nostrum-venders declare the composition on a label and to submit the stuff to official analysis. In England, as in this country, the unrestricted sale of patent medicine has been again and again discussed in print, and the absence of proper legislation there has allowed quacks and impostors to grow and nourish.
Frankly speaking, nostrum-venders no longer rely on the curative power of their drugs. They depend now on the power of advertising almost exclusively. They have a literary man to "write up" the remedy in ingenious fashion; an artist to show the patient "before and after" using the panacea; a poet to compose odes and lyrics; a liar who rivals Munchausen; and a forger who signs all kinds of testimonials. The great point seems to be to make people feel that they are in the last stages of decline. A cleverly worded circular is enough to give one a fit of the blues. In the opening chapter of his amusing book, Three Men in a Boat, Mr. Jerome hits off this particular point. "I never read a patent-medicine advertisement," says one character, "without being impelled to the conclusion that I am suffering from the particular disease therein dealt with, in its most virulent form." It is not uncommon for the nostrum-vender to offer one thousand dollars reward for any case he fails to cure. He is safe enough, even if the remedy kills, for there is no time specified within which a cure is to be effected.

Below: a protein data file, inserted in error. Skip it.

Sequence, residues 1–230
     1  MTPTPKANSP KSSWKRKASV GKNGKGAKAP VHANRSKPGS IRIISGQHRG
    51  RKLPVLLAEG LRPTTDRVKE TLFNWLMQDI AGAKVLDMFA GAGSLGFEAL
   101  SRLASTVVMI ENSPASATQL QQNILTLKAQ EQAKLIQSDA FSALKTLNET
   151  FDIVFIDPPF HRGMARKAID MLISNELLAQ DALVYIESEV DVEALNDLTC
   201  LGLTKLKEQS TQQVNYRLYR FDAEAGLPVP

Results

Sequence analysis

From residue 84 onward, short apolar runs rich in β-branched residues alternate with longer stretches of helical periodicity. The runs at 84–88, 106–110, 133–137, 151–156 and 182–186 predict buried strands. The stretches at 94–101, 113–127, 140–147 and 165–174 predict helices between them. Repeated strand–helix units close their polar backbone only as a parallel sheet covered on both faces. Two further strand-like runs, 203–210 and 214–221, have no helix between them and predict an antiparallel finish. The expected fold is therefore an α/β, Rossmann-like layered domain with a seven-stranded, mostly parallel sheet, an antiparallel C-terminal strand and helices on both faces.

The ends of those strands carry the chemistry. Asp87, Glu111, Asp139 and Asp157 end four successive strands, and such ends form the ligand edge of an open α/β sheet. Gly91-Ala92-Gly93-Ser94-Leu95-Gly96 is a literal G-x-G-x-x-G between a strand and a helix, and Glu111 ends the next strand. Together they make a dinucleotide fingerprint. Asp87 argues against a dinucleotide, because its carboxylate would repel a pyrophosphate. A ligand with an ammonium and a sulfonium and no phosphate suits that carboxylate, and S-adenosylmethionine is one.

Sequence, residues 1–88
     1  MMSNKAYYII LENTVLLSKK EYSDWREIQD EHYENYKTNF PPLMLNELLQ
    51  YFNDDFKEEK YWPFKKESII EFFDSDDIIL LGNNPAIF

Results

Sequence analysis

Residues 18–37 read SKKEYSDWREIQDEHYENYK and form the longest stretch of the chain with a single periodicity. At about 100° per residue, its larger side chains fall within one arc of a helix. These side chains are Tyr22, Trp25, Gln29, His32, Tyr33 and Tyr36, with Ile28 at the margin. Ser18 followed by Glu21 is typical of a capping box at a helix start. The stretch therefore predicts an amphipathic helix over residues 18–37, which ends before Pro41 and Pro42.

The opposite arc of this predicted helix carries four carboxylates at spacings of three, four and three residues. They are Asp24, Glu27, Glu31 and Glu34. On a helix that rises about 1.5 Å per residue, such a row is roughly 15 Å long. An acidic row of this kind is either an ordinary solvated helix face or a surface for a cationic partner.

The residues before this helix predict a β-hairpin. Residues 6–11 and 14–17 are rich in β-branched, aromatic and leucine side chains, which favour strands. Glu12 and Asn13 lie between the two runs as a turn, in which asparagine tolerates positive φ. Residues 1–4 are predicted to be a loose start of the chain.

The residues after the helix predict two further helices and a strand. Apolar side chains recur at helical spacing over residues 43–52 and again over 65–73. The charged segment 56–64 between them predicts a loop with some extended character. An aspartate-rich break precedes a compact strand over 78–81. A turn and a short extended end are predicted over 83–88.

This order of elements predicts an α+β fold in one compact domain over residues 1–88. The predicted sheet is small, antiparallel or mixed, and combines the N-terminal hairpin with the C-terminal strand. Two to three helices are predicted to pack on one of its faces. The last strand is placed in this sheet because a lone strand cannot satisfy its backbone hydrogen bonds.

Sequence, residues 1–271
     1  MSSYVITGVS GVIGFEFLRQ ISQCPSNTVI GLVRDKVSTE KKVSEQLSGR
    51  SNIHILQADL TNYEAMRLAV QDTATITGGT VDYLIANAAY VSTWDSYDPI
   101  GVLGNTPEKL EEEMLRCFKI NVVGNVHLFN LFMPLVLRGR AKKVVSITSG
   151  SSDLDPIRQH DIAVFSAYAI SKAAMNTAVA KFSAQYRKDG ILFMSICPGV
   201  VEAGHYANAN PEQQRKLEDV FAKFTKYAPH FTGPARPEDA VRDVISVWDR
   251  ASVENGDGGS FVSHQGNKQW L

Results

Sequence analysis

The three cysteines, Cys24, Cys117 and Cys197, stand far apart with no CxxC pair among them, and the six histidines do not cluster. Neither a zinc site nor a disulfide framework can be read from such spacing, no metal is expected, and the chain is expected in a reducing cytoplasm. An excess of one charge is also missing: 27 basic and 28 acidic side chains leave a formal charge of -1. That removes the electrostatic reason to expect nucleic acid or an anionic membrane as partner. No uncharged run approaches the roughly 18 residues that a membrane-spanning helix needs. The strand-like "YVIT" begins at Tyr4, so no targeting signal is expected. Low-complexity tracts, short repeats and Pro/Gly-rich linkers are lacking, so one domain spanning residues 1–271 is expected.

To this, then, patent medicine comes at last: "This wonderful remedy works like a charm," or else not at all.
|THE FRENCH INSTITUTE.|
By W. C. CAHALL, M. D.
THE Institute, as it exists to-day, is a creation of Napoleon, and, like all other organizations which arose under the First Consul, reveals his disposition for centralizing and supervising everything, even the literary and scientific societies. It is due to Napoleon, however, to say that he had a professional interest in these societies as well as a ruler's, for it must be remembered he was an engineer, and had a seat in the Academy of Sciences. While the Institute dates from Bonaparte, who modified the newly organized Institute of the Directory, the several academies of which it is composed are very much older. The Consul simply revived the academies in almost their original form, but placed them in a more intimate relation with the Government and with each other.
The Institute may be likened to a university, while the academies are as the colleges of a university, independent yet correla-